At this gathering we will hear directly from immigrant rights organizers in New York City and Tompkins County. You will learn the most up-to-date information about the campaign to get the Dignity Not Detention Act passed in the NYS legislature and connect with activists from across the state. We will develop strategies together to expand support for the act. You will also hear about other strategies in NYS that treat immigrants with dignity.  

Presenters:

To register, click here

On any given night, hundreds of New Yorkers are detained by ICE in jails and prisons across the state. They are subjected to inhumane conditions and separated from their families and communities. Several counties in New York profit from immigration detention and ICE is actively seeking to expand detention in New York.

The New York Dignity Not Detention Act (S7373 Salazar /A7099A Reyes) gets New York out of the business of immigration detention. 

Co-sponsored by: Transforming Justice and Organizing Abolition Work Group, Tompkins County SURJ; TC Immigrant Rights Coalition; TC Workers’ Center; SURJ NYC; Abolish ICE NY-NJ; Coordinating Circle, Dryden Groton Plus – Human Dignity Coalition.
Image: https://www.nysylc.org/
For info: beth55harris@gmail.com or kathystute@gmail.com

Parole Justice & Survivor Justice Advocacy Day

We are just a few days away from our upcoming Parole Justice & Survivor Justice advocacy day. At the beginning of National Crime Victims Week, The People’s Campaign for Parole Justice, New York State Coalition Against Sexual Assault, Common Justice, and some of the state’s other leading victim/survivor groups are coming together for an all-day advocacy day in Albany. This event is in support of the Elder Parole, Fair & Timely Parole, and Fair Access to Victim Compensation bills. Together, these three bills promote pathways to redemption for incarcerated people and their families, access to key resources for victims and survivors, and a framework for what real healing and safety can look like.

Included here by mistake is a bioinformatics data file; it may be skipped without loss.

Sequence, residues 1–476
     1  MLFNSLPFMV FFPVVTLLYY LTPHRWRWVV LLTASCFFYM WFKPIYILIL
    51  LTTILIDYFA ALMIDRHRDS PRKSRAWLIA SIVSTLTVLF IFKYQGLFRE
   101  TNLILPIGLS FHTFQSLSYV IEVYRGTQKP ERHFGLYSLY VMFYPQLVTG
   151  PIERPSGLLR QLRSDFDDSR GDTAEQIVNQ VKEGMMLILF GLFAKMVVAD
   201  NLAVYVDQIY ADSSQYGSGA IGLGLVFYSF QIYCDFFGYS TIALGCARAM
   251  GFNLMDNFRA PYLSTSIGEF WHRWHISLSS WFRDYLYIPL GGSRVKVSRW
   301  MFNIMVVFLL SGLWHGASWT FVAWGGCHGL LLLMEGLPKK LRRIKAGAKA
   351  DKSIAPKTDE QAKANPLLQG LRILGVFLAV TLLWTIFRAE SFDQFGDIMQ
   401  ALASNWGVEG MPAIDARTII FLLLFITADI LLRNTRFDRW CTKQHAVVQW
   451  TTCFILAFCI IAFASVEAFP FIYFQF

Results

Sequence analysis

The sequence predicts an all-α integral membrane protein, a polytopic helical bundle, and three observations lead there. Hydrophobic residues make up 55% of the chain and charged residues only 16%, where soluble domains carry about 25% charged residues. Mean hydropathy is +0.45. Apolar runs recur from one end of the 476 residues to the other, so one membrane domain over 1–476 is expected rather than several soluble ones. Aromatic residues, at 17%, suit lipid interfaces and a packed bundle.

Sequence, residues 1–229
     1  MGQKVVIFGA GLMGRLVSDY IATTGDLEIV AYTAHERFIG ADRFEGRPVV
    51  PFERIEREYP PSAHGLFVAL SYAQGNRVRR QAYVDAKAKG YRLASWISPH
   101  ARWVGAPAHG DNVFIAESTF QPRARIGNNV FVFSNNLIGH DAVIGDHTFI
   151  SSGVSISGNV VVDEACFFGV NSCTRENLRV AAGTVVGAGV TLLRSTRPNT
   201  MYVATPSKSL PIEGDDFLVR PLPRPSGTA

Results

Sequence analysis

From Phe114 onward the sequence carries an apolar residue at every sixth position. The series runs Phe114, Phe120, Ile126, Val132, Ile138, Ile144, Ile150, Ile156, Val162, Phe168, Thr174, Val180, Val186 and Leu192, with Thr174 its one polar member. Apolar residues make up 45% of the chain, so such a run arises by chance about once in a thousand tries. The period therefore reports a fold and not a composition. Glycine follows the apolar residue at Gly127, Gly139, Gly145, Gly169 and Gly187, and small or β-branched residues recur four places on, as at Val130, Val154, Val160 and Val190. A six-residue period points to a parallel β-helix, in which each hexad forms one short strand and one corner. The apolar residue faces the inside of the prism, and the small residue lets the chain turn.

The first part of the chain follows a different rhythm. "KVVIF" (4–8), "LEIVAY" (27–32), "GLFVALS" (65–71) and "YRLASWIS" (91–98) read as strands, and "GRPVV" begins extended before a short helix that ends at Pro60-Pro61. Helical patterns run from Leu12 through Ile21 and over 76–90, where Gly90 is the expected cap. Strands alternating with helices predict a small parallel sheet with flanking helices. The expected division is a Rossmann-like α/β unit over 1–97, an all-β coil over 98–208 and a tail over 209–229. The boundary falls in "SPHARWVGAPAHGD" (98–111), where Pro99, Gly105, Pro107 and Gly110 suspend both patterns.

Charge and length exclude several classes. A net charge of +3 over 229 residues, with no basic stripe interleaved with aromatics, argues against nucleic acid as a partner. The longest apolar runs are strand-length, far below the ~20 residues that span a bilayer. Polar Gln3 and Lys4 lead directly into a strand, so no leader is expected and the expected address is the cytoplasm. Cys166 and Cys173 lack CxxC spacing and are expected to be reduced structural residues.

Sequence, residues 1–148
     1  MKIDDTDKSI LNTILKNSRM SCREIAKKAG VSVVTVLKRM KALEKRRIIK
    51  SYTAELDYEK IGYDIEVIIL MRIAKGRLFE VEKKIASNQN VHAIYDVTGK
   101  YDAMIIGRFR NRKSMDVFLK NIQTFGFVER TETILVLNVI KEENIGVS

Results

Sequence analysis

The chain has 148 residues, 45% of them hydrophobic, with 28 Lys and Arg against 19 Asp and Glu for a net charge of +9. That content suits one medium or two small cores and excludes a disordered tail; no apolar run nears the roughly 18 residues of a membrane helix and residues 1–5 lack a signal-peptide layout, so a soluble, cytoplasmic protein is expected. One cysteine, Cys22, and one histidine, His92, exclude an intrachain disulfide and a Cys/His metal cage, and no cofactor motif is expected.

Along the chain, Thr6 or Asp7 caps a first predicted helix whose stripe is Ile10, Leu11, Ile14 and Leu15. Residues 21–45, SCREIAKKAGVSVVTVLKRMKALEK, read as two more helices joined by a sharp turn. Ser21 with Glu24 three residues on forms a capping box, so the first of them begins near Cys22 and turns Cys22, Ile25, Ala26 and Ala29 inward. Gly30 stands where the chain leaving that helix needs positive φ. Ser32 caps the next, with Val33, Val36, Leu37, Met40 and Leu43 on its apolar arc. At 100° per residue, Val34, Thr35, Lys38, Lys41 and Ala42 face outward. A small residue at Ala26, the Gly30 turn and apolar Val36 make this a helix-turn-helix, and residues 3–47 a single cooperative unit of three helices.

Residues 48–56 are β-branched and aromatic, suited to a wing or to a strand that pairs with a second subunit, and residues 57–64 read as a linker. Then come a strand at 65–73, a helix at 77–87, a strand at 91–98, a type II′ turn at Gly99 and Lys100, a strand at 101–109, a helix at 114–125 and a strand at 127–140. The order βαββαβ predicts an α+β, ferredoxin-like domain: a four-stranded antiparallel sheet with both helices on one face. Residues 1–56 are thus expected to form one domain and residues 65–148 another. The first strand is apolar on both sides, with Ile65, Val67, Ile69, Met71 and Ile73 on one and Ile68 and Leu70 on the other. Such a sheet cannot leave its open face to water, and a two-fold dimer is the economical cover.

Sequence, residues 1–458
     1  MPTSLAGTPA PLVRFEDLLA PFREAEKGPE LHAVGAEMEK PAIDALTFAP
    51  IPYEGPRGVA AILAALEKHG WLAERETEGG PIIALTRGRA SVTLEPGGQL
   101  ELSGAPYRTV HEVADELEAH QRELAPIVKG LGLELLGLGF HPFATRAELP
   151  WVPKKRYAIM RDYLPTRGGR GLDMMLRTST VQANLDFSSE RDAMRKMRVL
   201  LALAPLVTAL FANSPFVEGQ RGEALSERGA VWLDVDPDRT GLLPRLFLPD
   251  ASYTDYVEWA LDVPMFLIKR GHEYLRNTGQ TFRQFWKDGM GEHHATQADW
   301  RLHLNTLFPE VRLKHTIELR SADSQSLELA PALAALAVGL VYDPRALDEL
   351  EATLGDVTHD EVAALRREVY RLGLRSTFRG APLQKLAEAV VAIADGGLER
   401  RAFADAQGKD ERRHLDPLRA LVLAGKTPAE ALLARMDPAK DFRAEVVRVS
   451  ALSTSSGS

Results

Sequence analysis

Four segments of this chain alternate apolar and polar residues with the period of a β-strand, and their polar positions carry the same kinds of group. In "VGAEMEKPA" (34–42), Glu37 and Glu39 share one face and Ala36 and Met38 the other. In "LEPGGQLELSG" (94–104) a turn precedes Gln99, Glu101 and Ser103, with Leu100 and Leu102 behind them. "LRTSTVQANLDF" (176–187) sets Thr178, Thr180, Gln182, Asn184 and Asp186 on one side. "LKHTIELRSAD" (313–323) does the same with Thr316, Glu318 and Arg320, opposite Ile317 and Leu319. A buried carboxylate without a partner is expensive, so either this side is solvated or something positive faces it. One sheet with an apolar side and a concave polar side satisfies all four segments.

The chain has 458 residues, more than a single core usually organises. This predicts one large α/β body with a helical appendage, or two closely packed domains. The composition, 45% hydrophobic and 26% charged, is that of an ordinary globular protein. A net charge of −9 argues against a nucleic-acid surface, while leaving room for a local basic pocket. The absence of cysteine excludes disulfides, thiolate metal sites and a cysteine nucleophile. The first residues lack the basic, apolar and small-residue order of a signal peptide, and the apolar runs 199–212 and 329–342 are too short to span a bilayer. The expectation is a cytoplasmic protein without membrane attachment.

The day will include a rally, press conference, and meetings with lawmakers at the NY State Capitol in Albany. Food, transportation, and materials will be provided.

Can you join us on April 25th from 9am-5pm? RSVP here. Share this post with your colleagues, friends, and neighbors.

Provide Your Feedback on SURJ’s New Redistributing White Wealth Campaign

We are excited to be exploring a new campaign to redistribute white wealth in Tompkins County, and we would love your feedback! Click here to go straight to the survey, and read on for more background. [Update: The campaign has now launched! You can start moving money today.]

Why redistribute white wealth?

One of SURJ’s core values as a national organization is “there is enough for all”. While we know that there are enough resources to go around and take care of everyone’s basic needs, wealth is distributed unfairly and is deeply impacted by white supremacy, including the historical realities of slavery, land theft, housing discrimination, food apartheid, environmental racism and more. Although certainly not all white people have access to excess wealth, due to systemic racism, the typical white family has eight times the wealth of the typical Black family and five times the wealth of the typical Latinx family. The median white worker in 2021 made 26% more income than the median Black worker. In other words, white people hold a vastly disproportionate amount of wealth in this country and have a large role to play in working towards economic justice for all.